• Greg Smith is director of Wintec's centre for sport science and human performance director. He played hooker for the Chiefs, has coached Waikato and played test rugby for Fiji.

There has been serious attention paid to concussion in sport recently.

Rugby has received a lot of this attention in New Zealand.

As the game has evolved the athletes have become larger, stronger and faster. I would estimate that professional athletes are now at least 10kg bigger than when I entered the professional game in 1996. Rule amendments have resulted in the game becoming faster and the contact intensity has magnified.


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The recent focus on concussion within sport has brought much needed attention to an injury that struggles to be understood. Concussion is an invisible injury. The effects can be varied and it's difficult to understand.

Most injuries have simpler prognosis and treatment plans. Tendons reattached, joints replaced and muscles repaired. Concussion is more complicated with a far greater range of symptoms and possible outcomes.

I know from experience that recovery from concussion is complex. Repeat concussions ultimately finished my rugby career at 30. It was a result of 20 years of head knocks that started at 10. I would frequently take knocks to my head that resulted in loss of memory. As a young boy I started to be known as the guy with a hard head. I fed on this and continued to knock my head around in an attempt to embellish these perceptions.

My introduction to senior club rugby was met with a knock that resulted in four weeks of severe headaches and vomiting. As I got older, finals rugby, Ranfurly Shield challenges, Super Rugby games and test matches were all played under the cloud of concussion.

I was selective about how I reported what was happening to me. I knew the significance of each injury was hard to measure and that I could control the medical treatment plan and the extent to which game time was missed depending on what I told medical staff.

Many times I went straight back out. I didn't want to give up my spot.

Towards the end of my career I suffered a series of knocks that proved to be game changers. For the first time the symptoms scared me. Previously, I had told myself that I was invincible. Rugby was my identity and I derived self-worth out of being Greg Smith the rugby player.

It was the extent of lost function that scared me. I temporarily lost the ability to speak. As speech returned I realised I had forgotten words I once knew. I couldn't sit in a room with the lights on.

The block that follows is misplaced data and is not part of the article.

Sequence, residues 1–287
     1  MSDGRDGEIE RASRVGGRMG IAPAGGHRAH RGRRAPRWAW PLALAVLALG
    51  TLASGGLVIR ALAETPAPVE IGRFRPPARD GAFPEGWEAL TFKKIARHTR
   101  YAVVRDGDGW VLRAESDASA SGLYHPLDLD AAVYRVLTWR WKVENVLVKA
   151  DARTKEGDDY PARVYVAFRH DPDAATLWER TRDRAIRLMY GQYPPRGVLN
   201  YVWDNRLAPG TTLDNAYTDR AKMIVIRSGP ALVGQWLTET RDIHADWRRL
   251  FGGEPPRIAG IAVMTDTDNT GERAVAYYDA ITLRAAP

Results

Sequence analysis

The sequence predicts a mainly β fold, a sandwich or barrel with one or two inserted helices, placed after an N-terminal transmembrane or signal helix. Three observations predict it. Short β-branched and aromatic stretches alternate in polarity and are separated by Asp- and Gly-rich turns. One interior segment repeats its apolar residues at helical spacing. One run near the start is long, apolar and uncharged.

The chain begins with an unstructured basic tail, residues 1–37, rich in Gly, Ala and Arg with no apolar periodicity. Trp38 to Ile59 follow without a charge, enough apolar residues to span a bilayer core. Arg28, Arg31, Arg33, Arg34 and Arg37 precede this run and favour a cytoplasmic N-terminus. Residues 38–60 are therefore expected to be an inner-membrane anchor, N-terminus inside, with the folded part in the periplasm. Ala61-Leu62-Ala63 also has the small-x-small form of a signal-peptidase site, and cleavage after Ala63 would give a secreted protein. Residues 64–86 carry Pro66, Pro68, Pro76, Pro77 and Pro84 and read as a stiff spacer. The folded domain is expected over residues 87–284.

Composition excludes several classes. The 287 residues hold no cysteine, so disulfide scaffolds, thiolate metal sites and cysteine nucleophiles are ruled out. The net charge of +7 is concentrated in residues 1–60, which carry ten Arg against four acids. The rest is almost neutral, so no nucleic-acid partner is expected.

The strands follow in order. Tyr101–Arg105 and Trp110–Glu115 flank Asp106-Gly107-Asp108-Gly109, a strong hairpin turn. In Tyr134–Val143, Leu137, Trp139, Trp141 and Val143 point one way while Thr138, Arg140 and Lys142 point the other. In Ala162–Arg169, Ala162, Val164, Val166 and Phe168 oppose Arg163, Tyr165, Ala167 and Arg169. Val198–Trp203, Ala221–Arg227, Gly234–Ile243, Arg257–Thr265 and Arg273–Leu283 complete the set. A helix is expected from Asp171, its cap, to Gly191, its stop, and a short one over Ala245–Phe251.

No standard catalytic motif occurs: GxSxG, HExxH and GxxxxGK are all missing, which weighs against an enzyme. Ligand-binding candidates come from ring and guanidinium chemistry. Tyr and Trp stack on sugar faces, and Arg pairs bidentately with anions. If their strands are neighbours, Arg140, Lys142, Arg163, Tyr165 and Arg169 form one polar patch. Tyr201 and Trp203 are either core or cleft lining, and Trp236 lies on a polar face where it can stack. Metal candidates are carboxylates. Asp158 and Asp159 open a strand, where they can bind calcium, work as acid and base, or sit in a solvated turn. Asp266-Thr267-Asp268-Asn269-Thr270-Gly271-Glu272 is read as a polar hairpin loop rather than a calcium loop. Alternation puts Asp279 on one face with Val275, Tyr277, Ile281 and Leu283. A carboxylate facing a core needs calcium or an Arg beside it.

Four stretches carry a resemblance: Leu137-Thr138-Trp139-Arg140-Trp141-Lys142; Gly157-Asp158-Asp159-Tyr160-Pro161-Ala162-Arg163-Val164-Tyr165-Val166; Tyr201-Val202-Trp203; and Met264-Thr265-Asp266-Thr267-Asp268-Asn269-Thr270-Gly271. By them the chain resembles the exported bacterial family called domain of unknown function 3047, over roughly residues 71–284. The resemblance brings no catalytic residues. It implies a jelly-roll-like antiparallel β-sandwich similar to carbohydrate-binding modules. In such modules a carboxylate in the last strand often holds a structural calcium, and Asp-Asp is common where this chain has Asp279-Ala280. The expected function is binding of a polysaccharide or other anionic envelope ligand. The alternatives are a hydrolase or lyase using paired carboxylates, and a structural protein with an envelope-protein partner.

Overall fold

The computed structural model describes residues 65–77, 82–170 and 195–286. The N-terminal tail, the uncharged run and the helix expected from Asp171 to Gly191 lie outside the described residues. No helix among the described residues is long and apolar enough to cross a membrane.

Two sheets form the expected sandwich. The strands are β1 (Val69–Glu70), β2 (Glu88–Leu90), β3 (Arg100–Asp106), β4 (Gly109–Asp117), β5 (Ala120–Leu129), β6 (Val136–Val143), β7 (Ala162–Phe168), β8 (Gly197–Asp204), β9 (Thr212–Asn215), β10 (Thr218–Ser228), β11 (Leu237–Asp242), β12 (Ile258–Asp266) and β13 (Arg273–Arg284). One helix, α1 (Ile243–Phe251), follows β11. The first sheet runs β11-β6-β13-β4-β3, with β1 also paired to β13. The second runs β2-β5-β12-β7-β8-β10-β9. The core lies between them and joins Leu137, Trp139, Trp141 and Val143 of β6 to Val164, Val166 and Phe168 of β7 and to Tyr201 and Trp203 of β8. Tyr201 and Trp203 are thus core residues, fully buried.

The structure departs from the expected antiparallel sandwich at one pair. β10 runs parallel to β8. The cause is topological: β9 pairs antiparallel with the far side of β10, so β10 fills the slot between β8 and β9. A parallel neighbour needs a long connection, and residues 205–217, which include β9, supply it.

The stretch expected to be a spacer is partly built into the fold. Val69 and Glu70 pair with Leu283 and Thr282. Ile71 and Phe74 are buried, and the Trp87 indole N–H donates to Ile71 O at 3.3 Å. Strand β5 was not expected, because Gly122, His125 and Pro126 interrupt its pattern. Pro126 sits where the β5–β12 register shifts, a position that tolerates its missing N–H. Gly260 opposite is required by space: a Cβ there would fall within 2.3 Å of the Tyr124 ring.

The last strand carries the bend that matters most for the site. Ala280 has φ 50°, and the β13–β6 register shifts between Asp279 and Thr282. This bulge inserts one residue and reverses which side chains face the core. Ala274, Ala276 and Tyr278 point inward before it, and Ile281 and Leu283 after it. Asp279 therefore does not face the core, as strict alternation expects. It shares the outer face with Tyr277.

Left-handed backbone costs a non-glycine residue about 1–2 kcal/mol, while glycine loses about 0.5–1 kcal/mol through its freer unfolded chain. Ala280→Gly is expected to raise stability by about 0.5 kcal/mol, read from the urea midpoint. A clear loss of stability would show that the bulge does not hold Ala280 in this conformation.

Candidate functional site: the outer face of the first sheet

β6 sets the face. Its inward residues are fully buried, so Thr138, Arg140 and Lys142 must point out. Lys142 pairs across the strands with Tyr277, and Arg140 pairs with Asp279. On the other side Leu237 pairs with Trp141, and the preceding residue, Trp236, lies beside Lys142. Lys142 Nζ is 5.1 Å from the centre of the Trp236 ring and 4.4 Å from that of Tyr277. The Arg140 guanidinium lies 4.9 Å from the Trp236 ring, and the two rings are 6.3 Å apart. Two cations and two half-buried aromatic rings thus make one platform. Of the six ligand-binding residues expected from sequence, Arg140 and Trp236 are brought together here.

Anything that required sustained concentration wasn't possible. I couldn't concentrate for longer than a minute. I couldn't sit at a computer or drive a car. Noise was intolerable. I was intolerant. But, I continued to play.

During 2004, my last year of rugby, I saw four or five different brain specialists. I was looking for the doctor who would tell me I could continue playing, but they all told me it was time to stop. I was told that any further damage would result in the permanent loss of brain function and that the risk of suffering a stroke from a head knock was high.

By the time I gave up, my symptoms were worse. MRI scans showed scarring in my cerebellum, the part of the brain responsible for functions such as language, attention and co-ordination.

When my brain became overloaded it would go into spasm and I would experience nystagmus - a condition in which my eyes would blink uncontrollably. I was also diagnosed as having post-concussive depression.

I was lucky I stopped when I did. I had made poor choices that led me to the brink of permanent disablement. It has taken years to rewire my brain and a great deal of awareness to manage my symptoms, some of which haven't gone completely.

Everyone who plays rugby understands that there's a risk of being hurt, but what I advocate is making good choices when injured. And while personal responsibility is important, young athletes might require others to help the decision making process.

Be aware of what you are experiencing, and report it honestly to your doctor.

Remember that it's only a game, and while it's important, it's not the be all and end all of who you are and all you will achieve. Being an athlete is not your identity, it's just something that you do for a period of time.